|Publication number||US7134765 B2|
|Application number||US 10/858,544|
|Publication date||Nov 14, 2006|
|Filing date||Jun 2, 2004|
|Priority date||Jun 2, 2004|
|Also published as||US20050270801|
|Publication number||10858544, 858544, US 7134765 B2, US 7134765B2, US-B2-7134765, US7134765 B2, US7134765B2|
|Inventors||David W. Torgerson|
|Original Assignee||Torgerson David W|
|Export Citation||BiBTeX, EndNote, RefMan|
|Patent Citations (23), Referenced by (1), Classifications (16), Legal Events (3)|
|External Links: USPTO, USPTO Assignment, Espacenet|
1. Field of the Invention
The present invention relates generally to the field of light and, more particularly, to an improved device for expanding the effect and increasing the visibility of a high intensity light source.
2. Description of the Invention
Emergency lighting devices, such as those used to alert people to the presence of persons riding bicycles at night, automobile accidents, road debris or obstacles, or other potentially dangerous conditions, are old in the prior art. Such devices, include, without limitation, road flares or triangular light markers, flashing lights, reflective clothing or reflective or luminescent tape adhered to clothing.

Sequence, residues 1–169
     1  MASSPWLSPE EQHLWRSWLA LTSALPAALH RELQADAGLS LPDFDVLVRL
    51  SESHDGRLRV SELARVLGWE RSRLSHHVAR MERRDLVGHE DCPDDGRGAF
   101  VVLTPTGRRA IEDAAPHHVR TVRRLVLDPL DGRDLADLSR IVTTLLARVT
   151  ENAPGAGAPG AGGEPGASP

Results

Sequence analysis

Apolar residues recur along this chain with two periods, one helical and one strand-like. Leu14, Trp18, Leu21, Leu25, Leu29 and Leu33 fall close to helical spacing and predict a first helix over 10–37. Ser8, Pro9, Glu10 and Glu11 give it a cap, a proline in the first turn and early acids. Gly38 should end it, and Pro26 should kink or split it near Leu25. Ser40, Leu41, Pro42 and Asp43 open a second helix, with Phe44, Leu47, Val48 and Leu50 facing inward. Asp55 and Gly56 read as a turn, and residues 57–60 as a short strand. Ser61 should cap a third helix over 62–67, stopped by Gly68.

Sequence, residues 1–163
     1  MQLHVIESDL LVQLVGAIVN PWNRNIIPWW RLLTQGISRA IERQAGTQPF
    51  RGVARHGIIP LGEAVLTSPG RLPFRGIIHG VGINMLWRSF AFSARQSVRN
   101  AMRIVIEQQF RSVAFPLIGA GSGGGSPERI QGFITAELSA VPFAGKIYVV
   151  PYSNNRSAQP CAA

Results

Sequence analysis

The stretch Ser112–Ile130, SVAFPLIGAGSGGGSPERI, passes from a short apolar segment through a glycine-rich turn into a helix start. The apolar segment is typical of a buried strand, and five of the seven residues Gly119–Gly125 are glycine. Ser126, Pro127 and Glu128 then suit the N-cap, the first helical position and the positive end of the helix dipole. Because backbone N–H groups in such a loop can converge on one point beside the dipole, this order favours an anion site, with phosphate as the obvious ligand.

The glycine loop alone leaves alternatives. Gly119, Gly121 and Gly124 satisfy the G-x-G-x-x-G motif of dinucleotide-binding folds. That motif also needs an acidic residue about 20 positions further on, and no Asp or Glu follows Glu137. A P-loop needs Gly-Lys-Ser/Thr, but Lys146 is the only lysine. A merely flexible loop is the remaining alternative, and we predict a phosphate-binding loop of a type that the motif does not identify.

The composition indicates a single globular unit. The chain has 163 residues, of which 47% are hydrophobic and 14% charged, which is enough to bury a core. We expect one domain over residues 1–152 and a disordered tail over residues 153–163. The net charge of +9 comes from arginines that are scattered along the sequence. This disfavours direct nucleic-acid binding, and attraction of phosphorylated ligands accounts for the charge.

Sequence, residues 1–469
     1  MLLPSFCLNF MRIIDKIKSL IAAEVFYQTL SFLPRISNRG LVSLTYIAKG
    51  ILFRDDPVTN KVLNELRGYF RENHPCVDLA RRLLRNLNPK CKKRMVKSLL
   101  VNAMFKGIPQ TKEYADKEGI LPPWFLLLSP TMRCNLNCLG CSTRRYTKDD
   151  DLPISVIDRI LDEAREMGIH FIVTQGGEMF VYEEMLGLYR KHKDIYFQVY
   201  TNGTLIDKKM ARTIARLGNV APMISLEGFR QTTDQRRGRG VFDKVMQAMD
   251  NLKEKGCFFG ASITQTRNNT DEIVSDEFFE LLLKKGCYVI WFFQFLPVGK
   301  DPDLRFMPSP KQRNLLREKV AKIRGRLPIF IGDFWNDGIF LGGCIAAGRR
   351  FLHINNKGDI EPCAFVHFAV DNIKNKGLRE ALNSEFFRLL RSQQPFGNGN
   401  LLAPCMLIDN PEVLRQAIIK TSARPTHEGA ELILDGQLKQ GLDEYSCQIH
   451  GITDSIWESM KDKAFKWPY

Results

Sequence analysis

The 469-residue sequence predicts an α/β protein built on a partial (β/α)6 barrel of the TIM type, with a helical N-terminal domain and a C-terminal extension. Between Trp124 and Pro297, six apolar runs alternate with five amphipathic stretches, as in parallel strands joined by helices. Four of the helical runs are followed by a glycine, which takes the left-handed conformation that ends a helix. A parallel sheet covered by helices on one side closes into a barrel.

A search of the prior art did not disclose any patents that read directly on the claims of the instant invention, or make the claimed invention obvious. However, the following references are considered related:
U.S. Pat. No.
Joseph M. Roberts, Sr.
Dec. 3, 1991
Dec. 13, 1983
Bruce E. Wylie, et al.